Jud Strunk

Jud Strunk (born Justin Roderick Strunk Jr., June 11, 1936 – October 5, 1981) was an American singer-songwriter and comedian.

Jud Strunk
Jud Strunk.jpg
Background information
Birth nameJustin Roderick Strunk Jr.
Born(1936-06-11)June 11, 1936
Jamestown, New York
DiedOctober 5, 1981(1981-10-05) (aged 45)
Carrabassett Valley, Maine
GenresCountry, pop
Years active1973–1976
LabelsColumbia, MGM, MCA


Early yearsEdit

Born Justin Roderick Strunk Jr. in Jamestown, New York, he was raised in Buffalo, New York, where as a small boy his showmanship became evident. After he learned to play the banjo, Strunk began entertaining locals and went on to wide recognition after appearances on national television network shows such as Rowan & Martin's Laugh-In and The Tonight Show Starring Johnny Carson.


He graduated from the Virginia Military Institute in 1959 with a B.A in History.[1]

"Daisy A Day"Edit

Although much of Strunk's material was humorous, his most popular song was not. "Daisy a Day", which Strunk wrote and recorded in 1973, is a gentle, sentimental ballad in 3/4 time, describing the relationship between a boy and girl who ultimately grow old together. For every day of their lives, he gives her a daisy as a sign of their love. In the last verse, she has died, but her widower husband continues to make daily visits to her grave. The song made the Billboard Top 20 on both the country and pop music charts. A cover version, Een Roosje, M'n Roosje (A Rose, My Rose) by Conny Vandenbos, reached No. 7 on the Dutch Top 40 hit list in 1974.


Strunk was a regular member of the Laugh-In cast during its last season in 1972 and 1973. During the Laugh-In Looks at the News segment, he often reported fictitious sporting events "directly from Farmington, Maine".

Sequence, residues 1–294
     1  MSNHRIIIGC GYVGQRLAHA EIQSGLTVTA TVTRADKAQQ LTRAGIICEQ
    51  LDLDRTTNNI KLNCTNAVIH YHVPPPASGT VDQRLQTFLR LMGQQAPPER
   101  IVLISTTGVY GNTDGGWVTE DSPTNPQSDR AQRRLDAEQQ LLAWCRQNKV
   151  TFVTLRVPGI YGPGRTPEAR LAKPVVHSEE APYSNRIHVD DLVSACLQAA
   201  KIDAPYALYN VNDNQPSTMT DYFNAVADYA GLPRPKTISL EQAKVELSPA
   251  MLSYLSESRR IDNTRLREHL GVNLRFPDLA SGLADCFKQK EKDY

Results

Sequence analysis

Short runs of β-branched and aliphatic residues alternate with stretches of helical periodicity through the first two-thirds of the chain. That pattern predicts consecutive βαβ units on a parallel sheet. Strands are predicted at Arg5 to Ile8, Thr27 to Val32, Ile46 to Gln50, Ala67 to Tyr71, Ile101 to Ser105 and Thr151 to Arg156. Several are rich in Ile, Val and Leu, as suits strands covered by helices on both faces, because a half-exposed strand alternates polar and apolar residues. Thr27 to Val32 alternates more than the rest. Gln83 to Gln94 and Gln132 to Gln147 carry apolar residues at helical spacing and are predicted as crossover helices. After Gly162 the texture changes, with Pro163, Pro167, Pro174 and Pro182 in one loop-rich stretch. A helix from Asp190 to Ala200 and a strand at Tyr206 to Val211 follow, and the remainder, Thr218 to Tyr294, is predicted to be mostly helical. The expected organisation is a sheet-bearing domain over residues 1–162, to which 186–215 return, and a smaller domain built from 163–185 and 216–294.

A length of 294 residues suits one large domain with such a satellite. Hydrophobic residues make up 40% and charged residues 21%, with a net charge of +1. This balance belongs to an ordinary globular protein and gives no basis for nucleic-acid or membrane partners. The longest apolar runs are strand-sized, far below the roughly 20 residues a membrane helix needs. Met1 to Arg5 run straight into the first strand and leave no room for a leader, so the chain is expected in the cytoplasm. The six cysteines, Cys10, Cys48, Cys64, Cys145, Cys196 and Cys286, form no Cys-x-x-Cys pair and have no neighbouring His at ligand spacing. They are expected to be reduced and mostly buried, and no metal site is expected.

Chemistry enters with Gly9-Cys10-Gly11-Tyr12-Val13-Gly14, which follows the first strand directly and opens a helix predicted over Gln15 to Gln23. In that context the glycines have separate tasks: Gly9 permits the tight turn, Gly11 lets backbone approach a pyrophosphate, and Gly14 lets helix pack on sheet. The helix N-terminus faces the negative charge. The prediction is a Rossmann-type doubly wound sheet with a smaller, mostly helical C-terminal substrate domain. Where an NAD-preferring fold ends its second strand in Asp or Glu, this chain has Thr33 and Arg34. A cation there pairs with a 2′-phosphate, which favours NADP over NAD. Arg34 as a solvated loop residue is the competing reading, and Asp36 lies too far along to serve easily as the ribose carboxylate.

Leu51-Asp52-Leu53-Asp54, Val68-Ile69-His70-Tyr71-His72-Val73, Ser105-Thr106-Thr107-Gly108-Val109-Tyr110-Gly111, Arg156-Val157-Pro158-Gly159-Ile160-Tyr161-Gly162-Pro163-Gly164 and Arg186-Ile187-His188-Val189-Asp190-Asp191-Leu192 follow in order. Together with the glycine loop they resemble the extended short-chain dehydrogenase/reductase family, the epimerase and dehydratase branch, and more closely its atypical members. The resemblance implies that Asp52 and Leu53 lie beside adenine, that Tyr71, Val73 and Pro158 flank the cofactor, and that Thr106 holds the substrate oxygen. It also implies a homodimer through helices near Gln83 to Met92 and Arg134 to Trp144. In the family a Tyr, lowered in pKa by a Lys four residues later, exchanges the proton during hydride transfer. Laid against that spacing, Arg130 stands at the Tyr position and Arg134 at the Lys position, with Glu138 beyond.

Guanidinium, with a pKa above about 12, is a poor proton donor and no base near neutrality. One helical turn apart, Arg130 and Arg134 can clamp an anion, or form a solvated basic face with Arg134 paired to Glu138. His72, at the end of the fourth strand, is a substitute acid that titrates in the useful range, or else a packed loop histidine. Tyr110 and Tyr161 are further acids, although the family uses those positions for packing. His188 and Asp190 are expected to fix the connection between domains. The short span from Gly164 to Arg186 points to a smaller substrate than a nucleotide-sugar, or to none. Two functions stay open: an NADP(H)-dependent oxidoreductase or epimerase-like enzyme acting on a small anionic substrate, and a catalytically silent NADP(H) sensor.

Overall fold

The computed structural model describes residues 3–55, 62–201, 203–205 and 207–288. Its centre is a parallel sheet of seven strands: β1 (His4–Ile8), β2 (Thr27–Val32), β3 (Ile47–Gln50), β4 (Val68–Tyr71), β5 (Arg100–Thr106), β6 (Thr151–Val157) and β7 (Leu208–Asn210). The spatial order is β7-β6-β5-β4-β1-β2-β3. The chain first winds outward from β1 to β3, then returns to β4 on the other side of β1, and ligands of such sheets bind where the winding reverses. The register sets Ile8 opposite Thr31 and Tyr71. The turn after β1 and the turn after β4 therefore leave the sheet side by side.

Other materialEdit

Strunk also wrote three humorous songs that made it into the country music charts, and he toured with the Andy Williams Road Show. One of these songs, "The Biggest Parakeets in Town," was a tongue-in-cheek story of a woman who is a bird fancier. Its central joke is the unspoken pun of "parakeets/pair o'tits" used in the title. Other singles, such as "Next Door Neighbor's Kid" and the patriotic "My Country," appeared on various Billboard surveys. Strunk also scored a songwriting hit with "Bill Jones' General Store", the title track of his 1971 album of a similar name; Canadian musician Tommy Hunter charted in the top 20 on the country and adult contemporary charts in Canada with the song.

Last years and deathEdit

Strunk became a folk hero in Maine and in 1970 narrowly lost the election for Senate seat in the state legislature. He was also a private pilot and purchased a 1941 Fairchild M62-A. On October 5, 1981,[2] he suffered a heart attack just after take-off in the aircraft at Carrabassett Valley Airport in Maine. The plane flipped over, falling some 300 feet, killing him instantly along with his passenger, Dick Ayotte, a longtime friend and local businessman. Jud was 45 years old.


Jud's sons contribute to the Sugarloaf Community, with Jud's grandson performing onstage at The Rack on Sunday afternoons.



Year Album Chart Positions Label
US Country US AUS[3]
1970 Jud Strunk's Downeast Viewpoint Columbia Records
1971 Jones' General Store MGM Records
1973 Daisy a Day 18 138 25
1973 Mr. Bojangles And Other Favorites Harmony
1977 A Semi-Reformed Tequila Crazed Gypsy Looks Back MCA Records


Year Title Peak chart
Record Label B-side Album
1970 "Children at Play" Columbia Records "Self-Eating Watermelon" Jud Strunk's Downeast Viewpoint
1971 "Bill Jones General Store" CoBurt Records "The Runaway" Jones General Store
1972 "Daisy a Day" 33 14 4 1 18 3 5 MGM Records "The Searchers" Daisy a Day
1973 "Next Door Neighbor's Kid" 86 22 85 50 "I'd Prefer to Do It All Again"
1974 "My Country" 59 Capitol Records "The Will"
1975 "The Biggest Parakeets in Town" 51 50 68 20 71 Melodyland Records "I Wasn't Wrong About You"
"Pamela Brown" 88 "They're Tearing Down a Town"


  1. ^ http://www.vmialumni.org/page.aspx?pid=206&reid=g%2fazM8Xz2z4%3d&bbsys=0&bbrt=0[permanent dead link]
  2. ^ 1997-2013 PlaneCrashInfo.com. "Famous People Who Died in Aviation Accidents 1980s". Retrieved July 25, 2013.
  3. ^ a b Kent, David (1993). Australian Chart Book 1970–1992 (illustrated ed.). St Ives, N.S.W.: Australian Chart Book. p. 297. ISBN 0-646-11917-6.

External linksEdit